Circadian rhythmicity changes of gonadal and growth axis in adolescent idiopathic scoliosis
Dana Manda1, Mariana Chiru Anton2, Suzana Vladoiu1, Oana Popa1 & Olga Ianas1
Adolescent idiopathic scoliosis (IS) represents an evolutive disease that occurs in puberty and progresses till the skeletal maturation. The neuroendocrine hypothesis involving a melatonin deficiency as the source for IS is one of the proposed causes of this plurifactorial disease.
Objective: To investigate the hormonal changes of both the gonadal and growth axis and circadian rhythmicity in subjects with adolescent idiopathic scoliosis compared to age matched healthy subjects.
Subjects and methods: The study group consisted in 15 patients aged 918 years. with (IS) and 8 healthy subjects, age matched, as controls. The study had the Ethical Committee approval. Blood was collected every 4 h during day and 2 h during night of 24 h period (1200, 1600, 2000, 2400, 0200, 0400, 0800 h) for circadian profile. Serum melatonin, cortisole, LH, FSH, E2, T, DHEA, androstendione, GH, GHBP, IGF1, IGFBP3 levels were measured and statistically analyzed. The individual profiles of circadian markers (melatonin and cortisol) and studied hormones were quantified by a fit cosine curve yielding mesor, amplitude and acrophase.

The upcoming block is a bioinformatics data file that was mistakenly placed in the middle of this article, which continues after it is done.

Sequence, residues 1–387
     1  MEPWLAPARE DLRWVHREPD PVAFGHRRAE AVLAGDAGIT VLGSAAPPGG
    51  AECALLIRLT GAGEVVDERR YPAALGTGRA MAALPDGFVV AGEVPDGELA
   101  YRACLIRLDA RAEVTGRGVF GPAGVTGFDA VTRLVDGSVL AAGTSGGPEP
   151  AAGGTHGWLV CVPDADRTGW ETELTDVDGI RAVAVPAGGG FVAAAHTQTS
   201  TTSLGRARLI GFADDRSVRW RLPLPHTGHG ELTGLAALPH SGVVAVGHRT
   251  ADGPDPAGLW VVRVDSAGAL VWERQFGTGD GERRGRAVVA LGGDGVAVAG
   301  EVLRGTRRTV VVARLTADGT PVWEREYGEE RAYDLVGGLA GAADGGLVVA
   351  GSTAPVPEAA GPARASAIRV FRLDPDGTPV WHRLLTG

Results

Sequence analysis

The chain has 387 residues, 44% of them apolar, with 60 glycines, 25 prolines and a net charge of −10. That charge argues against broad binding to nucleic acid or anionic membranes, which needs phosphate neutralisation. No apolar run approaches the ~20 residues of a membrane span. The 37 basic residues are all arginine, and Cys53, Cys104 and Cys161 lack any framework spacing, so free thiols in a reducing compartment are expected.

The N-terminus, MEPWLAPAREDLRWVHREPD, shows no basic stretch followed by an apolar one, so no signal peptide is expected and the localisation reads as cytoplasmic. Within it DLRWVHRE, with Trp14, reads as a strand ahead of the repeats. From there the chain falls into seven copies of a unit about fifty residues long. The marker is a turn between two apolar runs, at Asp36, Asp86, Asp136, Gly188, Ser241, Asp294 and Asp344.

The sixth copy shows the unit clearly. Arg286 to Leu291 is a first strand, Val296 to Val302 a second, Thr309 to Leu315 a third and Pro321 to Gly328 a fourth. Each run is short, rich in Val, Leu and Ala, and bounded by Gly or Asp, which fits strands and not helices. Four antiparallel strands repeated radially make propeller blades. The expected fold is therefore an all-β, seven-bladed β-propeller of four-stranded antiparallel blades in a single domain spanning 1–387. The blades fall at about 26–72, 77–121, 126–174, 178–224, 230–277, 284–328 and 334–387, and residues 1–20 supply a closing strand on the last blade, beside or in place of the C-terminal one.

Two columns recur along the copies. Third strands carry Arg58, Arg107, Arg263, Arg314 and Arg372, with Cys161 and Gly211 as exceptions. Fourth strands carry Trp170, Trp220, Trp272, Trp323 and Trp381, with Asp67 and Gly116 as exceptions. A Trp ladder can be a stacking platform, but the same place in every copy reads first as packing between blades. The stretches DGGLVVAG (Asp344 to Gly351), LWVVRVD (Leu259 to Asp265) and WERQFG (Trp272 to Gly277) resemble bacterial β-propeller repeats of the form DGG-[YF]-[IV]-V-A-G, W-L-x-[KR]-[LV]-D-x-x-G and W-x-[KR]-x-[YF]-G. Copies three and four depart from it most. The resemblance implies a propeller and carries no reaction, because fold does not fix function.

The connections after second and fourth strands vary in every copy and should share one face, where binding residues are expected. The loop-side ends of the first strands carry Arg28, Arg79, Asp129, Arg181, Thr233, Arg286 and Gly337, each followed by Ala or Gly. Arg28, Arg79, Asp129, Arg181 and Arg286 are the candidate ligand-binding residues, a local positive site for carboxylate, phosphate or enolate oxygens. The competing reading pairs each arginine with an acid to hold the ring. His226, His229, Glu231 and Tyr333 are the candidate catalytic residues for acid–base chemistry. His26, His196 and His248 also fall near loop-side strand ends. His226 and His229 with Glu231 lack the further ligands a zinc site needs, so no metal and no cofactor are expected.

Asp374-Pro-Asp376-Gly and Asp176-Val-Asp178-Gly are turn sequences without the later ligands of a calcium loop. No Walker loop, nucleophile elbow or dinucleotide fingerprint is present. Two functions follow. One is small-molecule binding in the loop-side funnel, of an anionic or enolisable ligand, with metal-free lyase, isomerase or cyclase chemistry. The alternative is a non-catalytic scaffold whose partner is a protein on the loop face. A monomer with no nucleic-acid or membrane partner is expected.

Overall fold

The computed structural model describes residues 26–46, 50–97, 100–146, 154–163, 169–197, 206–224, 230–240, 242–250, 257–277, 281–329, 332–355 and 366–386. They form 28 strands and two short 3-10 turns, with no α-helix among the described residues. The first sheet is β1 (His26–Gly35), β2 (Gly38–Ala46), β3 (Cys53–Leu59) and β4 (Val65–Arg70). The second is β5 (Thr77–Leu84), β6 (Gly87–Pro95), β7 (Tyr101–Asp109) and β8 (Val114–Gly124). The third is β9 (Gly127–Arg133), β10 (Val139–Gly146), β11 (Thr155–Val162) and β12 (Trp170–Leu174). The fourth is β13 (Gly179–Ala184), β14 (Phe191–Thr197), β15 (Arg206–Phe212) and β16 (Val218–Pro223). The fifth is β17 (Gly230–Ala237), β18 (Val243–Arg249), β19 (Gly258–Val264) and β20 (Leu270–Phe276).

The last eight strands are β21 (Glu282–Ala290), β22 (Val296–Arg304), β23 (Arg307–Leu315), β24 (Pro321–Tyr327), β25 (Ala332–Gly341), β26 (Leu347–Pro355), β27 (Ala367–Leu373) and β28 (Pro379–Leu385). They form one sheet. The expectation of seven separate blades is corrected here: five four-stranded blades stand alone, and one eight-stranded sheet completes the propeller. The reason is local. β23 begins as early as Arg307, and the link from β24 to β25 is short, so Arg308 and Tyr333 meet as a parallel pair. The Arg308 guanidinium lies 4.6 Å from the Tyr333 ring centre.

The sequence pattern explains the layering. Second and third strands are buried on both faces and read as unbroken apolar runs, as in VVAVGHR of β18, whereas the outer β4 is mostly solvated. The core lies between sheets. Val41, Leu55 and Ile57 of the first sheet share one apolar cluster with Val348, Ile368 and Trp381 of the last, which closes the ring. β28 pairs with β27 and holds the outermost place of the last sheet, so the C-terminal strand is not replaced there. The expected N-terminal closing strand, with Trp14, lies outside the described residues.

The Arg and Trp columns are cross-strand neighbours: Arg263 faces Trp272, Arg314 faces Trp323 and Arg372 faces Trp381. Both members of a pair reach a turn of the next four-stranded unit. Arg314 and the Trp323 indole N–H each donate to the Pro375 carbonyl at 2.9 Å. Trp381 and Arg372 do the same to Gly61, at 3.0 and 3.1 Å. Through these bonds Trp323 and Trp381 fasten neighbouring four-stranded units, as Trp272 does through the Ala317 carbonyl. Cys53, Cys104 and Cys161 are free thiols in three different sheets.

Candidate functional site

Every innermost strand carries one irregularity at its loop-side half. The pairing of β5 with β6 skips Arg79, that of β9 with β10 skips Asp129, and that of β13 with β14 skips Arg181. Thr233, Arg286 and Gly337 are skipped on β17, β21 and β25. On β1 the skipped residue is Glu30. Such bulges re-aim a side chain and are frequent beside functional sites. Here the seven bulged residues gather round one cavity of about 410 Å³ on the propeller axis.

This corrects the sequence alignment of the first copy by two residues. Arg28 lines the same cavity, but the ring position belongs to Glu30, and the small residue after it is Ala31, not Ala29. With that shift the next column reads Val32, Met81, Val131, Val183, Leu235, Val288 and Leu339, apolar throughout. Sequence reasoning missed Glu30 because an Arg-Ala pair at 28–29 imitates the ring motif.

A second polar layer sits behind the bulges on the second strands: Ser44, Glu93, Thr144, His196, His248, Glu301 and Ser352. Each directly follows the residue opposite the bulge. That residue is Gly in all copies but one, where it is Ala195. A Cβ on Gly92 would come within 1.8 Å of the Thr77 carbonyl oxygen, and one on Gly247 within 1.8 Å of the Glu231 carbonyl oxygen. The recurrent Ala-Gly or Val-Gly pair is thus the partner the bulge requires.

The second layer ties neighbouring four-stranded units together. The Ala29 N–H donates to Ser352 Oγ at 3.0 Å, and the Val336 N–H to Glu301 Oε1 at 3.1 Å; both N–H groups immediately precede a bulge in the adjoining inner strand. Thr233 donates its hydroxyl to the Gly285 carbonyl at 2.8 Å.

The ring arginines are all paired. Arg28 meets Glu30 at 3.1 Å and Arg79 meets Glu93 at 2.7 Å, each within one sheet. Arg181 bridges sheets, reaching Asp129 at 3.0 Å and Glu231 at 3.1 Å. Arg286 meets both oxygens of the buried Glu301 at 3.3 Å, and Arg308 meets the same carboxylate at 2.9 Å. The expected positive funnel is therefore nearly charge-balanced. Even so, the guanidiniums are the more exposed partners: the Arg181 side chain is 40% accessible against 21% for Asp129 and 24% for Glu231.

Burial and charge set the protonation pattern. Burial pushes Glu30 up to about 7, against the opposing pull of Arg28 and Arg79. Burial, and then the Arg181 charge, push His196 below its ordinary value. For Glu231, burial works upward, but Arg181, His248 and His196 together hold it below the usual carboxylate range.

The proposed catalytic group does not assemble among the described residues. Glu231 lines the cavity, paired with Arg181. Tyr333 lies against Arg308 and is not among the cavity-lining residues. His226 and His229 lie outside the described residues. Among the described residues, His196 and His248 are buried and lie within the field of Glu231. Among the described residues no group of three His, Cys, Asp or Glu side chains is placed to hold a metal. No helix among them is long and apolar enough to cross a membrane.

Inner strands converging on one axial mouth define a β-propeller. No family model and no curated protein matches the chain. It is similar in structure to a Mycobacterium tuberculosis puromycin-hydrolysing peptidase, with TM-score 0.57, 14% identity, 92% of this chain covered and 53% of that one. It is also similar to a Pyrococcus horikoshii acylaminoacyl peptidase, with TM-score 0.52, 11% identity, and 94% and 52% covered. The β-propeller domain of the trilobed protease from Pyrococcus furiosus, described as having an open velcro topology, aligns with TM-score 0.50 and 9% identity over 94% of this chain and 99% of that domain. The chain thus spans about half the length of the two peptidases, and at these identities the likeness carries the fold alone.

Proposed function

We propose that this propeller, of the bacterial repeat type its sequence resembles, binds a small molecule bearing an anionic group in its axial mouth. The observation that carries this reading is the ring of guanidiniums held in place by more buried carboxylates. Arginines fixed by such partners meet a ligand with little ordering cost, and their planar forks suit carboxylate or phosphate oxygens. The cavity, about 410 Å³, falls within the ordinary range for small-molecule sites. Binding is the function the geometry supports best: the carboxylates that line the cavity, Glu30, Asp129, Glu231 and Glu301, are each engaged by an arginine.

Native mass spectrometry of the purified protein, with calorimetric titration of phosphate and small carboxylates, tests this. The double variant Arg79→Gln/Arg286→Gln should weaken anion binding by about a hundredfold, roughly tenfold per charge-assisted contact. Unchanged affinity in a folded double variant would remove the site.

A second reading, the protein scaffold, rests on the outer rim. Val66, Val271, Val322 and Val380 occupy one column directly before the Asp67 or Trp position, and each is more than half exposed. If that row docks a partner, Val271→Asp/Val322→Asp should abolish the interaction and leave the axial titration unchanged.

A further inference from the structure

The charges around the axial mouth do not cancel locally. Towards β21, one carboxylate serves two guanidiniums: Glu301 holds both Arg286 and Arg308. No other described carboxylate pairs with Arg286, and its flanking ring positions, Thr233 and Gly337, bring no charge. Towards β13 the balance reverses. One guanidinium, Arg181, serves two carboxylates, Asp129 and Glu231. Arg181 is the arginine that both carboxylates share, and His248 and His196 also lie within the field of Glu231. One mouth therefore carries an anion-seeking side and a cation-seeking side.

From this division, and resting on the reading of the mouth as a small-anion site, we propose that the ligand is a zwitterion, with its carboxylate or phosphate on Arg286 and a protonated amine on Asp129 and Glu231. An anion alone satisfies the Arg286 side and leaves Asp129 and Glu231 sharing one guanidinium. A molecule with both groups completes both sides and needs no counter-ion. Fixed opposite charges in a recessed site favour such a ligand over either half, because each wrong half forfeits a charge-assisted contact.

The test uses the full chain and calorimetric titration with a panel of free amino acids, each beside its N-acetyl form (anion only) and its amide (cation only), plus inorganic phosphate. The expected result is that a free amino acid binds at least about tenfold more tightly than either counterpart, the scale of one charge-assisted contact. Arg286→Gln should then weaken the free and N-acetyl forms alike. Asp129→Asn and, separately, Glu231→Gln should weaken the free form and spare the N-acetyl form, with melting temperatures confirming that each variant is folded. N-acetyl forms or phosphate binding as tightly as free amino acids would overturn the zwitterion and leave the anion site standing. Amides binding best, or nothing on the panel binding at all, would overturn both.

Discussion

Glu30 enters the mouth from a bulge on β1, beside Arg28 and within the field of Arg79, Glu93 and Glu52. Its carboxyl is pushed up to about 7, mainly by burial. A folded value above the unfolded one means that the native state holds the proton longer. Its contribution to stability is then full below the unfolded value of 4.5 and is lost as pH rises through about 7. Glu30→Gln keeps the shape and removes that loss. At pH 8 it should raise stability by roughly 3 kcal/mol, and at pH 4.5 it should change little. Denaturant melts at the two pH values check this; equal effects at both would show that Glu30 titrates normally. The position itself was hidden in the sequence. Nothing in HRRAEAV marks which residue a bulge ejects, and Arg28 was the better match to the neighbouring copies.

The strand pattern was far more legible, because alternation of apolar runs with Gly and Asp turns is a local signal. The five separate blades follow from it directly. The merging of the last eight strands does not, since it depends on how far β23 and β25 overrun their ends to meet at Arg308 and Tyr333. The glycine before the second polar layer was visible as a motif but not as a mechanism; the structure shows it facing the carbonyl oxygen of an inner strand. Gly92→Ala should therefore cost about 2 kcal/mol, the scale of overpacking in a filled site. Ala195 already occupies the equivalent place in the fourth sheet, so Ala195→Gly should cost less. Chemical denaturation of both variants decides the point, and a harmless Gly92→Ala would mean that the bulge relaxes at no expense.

Results: The levels of hormones were measured in blood samples collected at 0800 h showed statistically significant differences in IS group compared to controls: melatonin (24.56±6.39 versus 9.56±3.21 ng/ml, P=0.02), LH (7.26±2.37 versus 2.48±0.63 U/l, P=0.03), E2(107.7±29.61 versus 27.6±10.54 pg/ml), IGF1 (26±53.63 versus 245±44.87 ng/ml P=0.009). Circadian profiles analysis showed a significant increase in 24 h production of IGF1 and a decrease secretion and phase shift in cortisol circadian rhythm. There were no significant differences in melatonin circadian rhythm.
Conclusions: The results showed changes in growth axis. IGF1 significant increase and shifted cortisol rhythm may be components of the plurifactorial etiology of adoloscent idiopathic scoliosis.